Crowdsourcing has brought us Wikipedia and ways to understand how HIV proteins fold. It also provides an increasingly effective means for teams to write software, perform research or accomplish small repetitive digital tasks.
However, most tasks have proven resistant to distributed labor, at least without a central organizer. As in the case of Wikipedia, their success often relies on the efforts of a small cadre of dedicated volunteers. If these individuals move on, the project becomes difficult to sustain.
Scientists funded by the National Science Foundation (NSF) are finding new solutions to these challenges.
Aniket Kittur, an associate professor in the Human-Computer Interaction Institute at Carnegie Mellon University (CMU), designs crowdsourcing frameworks that combine the best qualities of machine learning and human intelligence, in order to allow distributed groups of workers to perform complicated cognitive tasks. Those include writing how-to guides or organizing information without a central organizer.
At the Computer-Human Interaction conference in Chicago this week, Kittur and his collaborators Nathan Hahn and Joseph Chang (CMU), and Ji Eun Kim (Bosch Corporate Research), will present two prototype systems that enable teams of volunteers, buttressed by machine learning algorithms, to crowdsource more complex intellectual tasks with greater speed and accuracy (and at a lower cost) than past systems.
"We are trying to scale up human thinking by letting people build on the work that others have done before them," Kittur said.
The Knowledge Accelerator
One piece of prototype software developed by Kittur and his collaborators, called the Knowledge Accelerator empowers distributed workers to perform information synthesis.
The software combines materials from a variety of sources, and constructs articles that can provide answers to commonly sought questions—questions like: "How do I get my tomato plant to produce more tomatoes?" or "How do I unclog my bathtub drain?"
To assemble answers, individuals identify high-value sources from the Internet, extract useful information from those sources, cluster clips into commonly discussed topics, and identify illustrative images or video.
With the Knowledge Accelerator, each crowd worker contributes a small amount of effort to synthesize online information to answer complex or open-ended questions, without an overseer or moderator.
The researchers' challenge lies in designing a system that can divide assignments into short microtasks, each paying crowd workers $1 for 5-10 minutes of work. The system then must combine that information in a way that maintains the article flow and cohesion, as if it were written by a single author.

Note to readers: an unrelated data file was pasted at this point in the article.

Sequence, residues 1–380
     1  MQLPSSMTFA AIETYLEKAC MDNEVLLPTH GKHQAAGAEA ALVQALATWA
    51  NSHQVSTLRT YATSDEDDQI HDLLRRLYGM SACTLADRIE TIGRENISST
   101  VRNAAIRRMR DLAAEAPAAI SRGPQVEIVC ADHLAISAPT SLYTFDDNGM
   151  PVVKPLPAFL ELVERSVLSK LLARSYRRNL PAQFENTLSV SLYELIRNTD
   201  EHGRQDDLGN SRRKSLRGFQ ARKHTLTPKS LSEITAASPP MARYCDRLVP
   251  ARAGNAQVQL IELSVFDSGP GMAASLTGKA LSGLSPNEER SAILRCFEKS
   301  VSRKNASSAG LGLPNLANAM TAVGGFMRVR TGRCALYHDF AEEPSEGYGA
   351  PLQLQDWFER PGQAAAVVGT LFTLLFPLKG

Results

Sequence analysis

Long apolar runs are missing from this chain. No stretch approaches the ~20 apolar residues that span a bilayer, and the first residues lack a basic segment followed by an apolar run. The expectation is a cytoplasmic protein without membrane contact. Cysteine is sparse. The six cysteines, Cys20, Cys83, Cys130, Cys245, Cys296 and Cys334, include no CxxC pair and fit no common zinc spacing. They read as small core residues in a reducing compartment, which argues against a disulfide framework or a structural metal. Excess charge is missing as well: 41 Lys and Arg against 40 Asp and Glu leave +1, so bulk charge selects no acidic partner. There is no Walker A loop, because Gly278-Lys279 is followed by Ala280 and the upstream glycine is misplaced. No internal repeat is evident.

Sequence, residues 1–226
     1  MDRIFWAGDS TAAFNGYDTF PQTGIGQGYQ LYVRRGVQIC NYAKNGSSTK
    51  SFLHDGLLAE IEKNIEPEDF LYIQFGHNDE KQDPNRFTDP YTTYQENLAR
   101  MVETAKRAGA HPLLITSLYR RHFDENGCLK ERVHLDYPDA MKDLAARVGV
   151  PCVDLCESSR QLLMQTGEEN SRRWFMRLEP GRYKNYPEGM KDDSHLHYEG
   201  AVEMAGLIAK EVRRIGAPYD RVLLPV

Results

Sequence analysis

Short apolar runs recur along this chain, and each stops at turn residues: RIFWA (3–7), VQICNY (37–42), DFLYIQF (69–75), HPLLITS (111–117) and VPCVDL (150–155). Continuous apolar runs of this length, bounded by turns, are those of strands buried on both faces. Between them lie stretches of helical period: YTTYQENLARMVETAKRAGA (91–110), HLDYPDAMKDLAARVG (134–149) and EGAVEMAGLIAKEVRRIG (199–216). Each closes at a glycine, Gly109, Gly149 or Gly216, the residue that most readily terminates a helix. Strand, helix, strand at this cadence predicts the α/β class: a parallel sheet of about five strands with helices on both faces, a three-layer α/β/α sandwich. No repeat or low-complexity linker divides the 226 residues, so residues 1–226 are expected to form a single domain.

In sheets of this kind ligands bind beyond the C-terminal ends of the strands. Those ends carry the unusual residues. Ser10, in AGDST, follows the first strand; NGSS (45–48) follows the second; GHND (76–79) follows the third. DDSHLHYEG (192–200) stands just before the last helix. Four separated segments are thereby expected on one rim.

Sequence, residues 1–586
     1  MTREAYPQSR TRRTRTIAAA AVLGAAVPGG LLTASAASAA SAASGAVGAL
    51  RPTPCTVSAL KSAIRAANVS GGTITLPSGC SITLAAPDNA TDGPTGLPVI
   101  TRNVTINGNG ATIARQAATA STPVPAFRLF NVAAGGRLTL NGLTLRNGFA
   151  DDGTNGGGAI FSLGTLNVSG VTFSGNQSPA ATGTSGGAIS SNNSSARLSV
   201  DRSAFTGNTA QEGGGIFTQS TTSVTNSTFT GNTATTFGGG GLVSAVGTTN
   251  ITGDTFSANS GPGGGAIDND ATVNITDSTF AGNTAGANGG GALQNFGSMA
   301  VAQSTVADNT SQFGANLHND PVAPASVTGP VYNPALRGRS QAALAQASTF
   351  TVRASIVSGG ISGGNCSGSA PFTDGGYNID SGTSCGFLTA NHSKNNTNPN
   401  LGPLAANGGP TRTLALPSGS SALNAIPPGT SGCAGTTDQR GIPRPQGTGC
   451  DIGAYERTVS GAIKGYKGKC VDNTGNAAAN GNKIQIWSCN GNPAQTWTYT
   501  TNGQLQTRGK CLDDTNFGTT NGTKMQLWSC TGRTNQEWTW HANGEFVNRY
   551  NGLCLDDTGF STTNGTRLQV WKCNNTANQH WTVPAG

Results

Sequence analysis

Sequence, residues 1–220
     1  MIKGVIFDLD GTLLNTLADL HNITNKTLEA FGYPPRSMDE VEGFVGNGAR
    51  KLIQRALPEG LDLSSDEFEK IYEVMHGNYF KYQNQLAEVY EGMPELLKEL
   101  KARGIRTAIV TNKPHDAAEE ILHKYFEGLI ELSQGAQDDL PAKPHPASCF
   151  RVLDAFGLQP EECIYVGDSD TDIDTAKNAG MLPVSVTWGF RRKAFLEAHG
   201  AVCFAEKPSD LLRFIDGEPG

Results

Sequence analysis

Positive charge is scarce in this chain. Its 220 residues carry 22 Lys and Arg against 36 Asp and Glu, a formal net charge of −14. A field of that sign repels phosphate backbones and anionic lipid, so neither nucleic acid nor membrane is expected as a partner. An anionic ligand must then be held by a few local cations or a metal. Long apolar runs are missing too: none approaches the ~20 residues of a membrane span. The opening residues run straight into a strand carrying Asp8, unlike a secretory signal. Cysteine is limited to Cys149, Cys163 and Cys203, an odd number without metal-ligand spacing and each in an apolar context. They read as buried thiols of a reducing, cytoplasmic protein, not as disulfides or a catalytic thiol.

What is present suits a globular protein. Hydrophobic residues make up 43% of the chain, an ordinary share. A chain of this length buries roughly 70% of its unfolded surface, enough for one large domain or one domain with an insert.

The researchers showed that their method produced articles judged by crowd workers as more useful than pages that were in the top five Google results from a given query. Those top Google results are typically created by experts or professional writers.
"Overall, we believe this is a step towards a future of big thinking in small pieces, where complex thinking can be scaled beyond individual limits by massively distributing it across individuals," the authors concluded.
A related problem that Kittur and his team tackled involved clustering—pulling out the patterns or themes among documents to organize information, whether Internet searches, academic research articles or consumer product reviews.
Machine learning systems have proven successful at automating aspects of this work, but their inability to understand distinctions in meaning among similar documents and topics means that humans are still better at the task. When human judgement is used in crowdsourcing, however, individuals often miss the full context that allows them to do the task effectively.
The new system, called Alloy, combines human intelligence and machine learning to speed up clustering using a two-step process.
In the first step, crowdworkers identify meaningful categories and provide representative examples, which the machine uses to cluster a large body of topics or documents. However, not every document can be easily classified, so in the second step, humans consider those documents that the machines weren't able to cluster well, providing additional information and insights.
The study found that Alloy, using the two-step process, achieved better performance at a lower cost than previous crowd-based approaches. The framework, researchers say, could be adapted for other tasks such as image clustering or real-time video event detection.
"The key challenge here is trying to build a big picture view when each person can only see a small piece of the whole," Kittur said. "We tackle this by giving workers new ways to see more context and by stitching together each worker's view with a flexible machine learning backbone."
Kittur is conducting his research under an NSF Faculty Early Career Development (CAREER) award, which he received in 2012. The award supports junior faculty who exemplify the role of teacher-scholars through outstanding research, excellent education and the integration of education and research within the context of the mission of their organization. NSF is funding his work with $500,000 over five years.
The work advances the understanding and design of crowdsourcing frameworks, which can be applied to a variety of domains, he says.
"It has the potential to improve the efficiency of knowledge work, the training and practice of scientists, and the effectiveness of education," Kittur says. "Our long-term goal is to produce a universal knowledge accelerator: capturing a fraction of the learning that every person engages in every day, and making that benefit later people who can learn faster and more deeply than ever before."
More information: DOI: 10.1145/2858036.2858364
Provided by National Science Foundation